What is an ear infection?
— An ear infection is a condition that can cause pain in the ear, fever, and trouble hearing. Ear infections are common in children.
Ear infections often occur in children after they get a cold. Fluid can build up in the middle part of the ear behind the eardrum. This fluid can become infected and press on the eardrum, causing it to bulge. This causes symptoms.
In some children, some fluid can stay in the ear for weeks to months after the pain and infection have gone away. This fluid can cause hearing loss that is usually mild and temporary. If the hearing loss lasts a long time, it can sometimes lead to problems with language and speech, especially in children who are at risk for problems with language or learning.
What are the symptoms of an ear infection?
— In infants and young children, the symptoms include:
●Pulling on the ear
●Being more fussy or less active than usual
●Having no appetite and not eating as much
●Vomiting or diarrhea
In older children, symptoms often include ear pain or temporary hearing loss.
How do I know if my child has an ear infection?
— If you think your child has an ear infection, see a doctor or nurse. The doctor or nurse should be able to tell if your child has an ear infection. He or she will ask about symptoms, do an exam, and look in your child's ears.
How are ear infections treated?
— Doctors can treat ear infections with antibiotics. Doctors usually prescribe antibiotics to treat ear infections in infants younger than 2 years old. For children older than 2, doctors sometimes hold off on antibiotics.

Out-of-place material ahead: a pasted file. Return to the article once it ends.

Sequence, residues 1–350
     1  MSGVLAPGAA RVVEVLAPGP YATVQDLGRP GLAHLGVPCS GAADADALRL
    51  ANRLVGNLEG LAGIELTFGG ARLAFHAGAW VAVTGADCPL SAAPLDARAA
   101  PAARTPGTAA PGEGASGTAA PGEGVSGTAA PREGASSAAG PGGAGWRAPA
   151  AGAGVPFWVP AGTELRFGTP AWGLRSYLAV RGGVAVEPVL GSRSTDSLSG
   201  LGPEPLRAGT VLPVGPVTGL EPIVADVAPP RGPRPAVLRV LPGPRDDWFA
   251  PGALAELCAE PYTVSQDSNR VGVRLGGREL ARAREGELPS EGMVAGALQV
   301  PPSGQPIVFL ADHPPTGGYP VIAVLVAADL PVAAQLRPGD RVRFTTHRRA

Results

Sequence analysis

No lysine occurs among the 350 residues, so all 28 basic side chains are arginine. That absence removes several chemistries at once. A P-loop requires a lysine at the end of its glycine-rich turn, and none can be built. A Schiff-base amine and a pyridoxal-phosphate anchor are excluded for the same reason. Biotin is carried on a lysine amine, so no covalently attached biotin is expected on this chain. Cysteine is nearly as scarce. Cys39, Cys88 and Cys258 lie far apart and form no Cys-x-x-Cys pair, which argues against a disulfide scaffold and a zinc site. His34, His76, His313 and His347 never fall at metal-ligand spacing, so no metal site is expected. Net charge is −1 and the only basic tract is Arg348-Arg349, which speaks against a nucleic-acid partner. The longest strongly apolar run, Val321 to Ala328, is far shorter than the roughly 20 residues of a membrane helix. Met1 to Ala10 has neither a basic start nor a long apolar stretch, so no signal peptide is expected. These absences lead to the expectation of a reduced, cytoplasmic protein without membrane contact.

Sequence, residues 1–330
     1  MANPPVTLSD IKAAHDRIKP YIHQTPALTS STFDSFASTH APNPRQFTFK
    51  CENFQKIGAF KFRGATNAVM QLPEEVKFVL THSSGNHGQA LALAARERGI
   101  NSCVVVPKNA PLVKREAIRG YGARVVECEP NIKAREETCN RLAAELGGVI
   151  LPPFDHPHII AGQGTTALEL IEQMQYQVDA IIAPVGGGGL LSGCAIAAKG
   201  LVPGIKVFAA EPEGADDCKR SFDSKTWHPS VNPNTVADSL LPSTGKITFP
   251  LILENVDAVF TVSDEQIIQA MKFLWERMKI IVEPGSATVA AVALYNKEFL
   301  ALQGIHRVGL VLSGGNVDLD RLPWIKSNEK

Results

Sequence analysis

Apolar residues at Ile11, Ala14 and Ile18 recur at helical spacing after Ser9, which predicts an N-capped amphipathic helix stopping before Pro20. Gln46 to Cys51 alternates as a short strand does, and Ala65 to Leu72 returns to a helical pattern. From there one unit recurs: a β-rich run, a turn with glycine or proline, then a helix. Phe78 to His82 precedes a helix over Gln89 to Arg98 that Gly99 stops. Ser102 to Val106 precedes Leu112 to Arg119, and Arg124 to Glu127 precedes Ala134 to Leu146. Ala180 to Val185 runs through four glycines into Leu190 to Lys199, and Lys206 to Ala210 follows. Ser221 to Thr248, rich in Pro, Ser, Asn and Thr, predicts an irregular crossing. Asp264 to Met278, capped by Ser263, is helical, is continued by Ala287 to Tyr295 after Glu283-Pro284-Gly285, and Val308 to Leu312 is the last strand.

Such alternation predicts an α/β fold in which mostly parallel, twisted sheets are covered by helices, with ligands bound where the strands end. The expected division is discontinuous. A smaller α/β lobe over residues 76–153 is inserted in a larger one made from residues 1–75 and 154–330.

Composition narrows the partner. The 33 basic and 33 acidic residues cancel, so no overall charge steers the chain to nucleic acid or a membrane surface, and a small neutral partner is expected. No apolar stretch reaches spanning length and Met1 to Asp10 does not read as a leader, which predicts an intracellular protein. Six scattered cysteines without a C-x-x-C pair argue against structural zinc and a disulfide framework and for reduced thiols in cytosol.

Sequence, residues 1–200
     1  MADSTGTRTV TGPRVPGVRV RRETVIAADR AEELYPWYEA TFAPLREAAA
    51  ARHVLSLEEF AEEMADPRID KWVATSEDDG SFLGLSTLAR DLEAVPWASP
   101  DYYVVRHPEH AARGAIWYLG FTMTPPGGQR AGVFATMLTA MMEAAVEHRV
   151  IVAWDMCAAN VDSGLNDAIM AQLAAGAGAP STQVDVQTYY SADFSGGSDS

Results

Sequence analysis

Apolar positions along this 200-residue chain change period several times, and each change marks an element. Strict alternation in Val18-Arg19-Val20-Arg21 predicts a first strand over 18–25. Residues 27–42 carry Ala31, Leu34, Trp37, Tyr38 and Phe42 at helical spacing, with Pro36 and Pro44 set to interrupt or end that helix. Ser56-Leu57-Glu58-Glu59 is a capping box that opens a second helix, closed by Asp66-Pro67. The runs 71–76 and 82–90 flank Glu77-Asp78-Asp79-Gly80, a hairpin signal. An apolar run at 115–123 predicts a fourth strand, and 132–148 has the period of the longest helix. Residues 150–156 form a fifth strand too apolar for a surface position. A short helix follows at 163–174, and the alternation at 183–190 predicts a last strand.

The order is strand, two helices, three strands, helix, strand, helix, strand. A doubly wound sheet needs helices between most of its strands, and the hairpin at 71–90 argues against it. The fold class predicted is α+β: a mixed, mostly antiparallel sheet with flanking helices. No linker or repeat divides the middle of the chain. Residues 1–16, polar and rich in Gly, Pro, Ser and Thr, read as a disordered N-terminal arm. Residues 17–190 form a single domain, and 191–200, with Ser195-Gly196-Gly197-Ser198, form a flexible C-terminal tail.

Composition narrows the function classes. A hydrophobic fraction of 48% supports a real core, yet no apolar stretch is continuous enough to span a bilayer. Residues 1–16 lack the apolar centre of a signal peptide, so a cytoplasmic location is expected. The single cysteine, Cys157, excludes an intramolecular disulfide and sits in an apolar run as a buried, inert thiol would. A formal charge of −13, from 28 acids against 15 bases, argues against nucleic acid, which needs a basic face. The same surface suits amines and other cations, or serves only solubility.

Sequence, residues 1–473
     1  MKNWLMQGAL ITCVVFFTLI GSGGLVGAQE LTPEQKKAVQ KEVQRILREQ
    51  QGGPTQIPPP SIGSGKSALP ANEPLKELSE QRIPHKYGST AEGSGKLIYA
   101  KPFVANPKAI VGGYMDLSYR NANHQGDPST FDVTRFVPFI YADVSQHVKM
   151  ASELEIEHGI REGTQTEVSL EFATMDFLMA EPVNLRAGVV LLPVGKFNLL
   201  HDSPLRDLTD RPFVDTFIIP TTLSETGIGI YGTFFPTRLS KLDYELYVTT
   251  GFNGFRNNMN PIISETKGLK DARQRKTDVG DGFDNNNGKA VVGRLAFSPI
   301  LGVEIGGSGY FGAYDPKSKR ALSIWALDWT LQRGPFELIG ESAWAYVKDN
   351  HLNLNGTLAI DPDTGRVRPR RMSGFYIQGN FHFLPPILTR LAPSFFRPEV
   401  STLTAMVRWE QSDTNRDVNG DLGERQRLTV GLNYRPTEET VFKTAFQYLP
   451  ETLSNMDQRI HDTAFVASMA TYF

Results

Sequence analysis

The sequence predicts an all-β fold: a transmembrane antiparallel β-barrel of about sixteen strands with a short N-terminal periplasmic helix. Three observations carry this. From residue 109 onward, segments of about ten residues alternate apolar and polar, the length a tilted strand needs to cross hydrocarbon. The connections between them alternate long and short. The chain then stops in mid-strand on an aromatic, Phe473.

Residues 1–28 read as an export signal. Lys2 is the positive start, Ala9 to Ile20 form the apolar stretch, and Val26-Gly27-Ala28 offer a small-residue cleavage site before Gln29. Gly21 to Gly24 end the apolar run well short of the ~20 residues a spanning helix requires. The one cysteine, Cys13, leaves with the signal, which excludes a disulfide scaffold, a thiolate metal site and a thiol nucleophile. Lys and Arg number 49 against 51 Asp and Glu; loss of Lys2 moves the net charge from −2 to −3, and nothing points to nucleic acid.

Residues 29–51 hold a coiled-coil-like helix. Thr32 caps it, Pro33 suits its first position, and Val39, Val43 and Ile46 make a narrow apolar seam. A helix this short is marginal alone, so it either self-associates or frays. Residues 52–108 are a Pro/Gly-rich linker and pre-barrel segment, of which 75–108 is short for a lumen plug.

Your child's doctor might suggest watching your child's symptoms for 1 or 2 days before trying antibiotics if:
●Your child is healthy in general
●The pain and fever are not severe
When should I follow up with the doctor?
— You should call the doctor:
●After 1 to 2 days, if you are watching your child's symptoms. If the pain and fever have not gotten better, your doctor might prescribe antibiotics.
●After 2 days, if your child is taking antibiotics and his or her symptoms have not improved or are worse.
You should also see the doctor or nurse a few months after an ear infection if your child is younger than 2 or has language or learning problems. Your doctor or nurse will do an ear exam to make sure the fluid is gone. Your child might also need follow-up testing to check his or her hearing.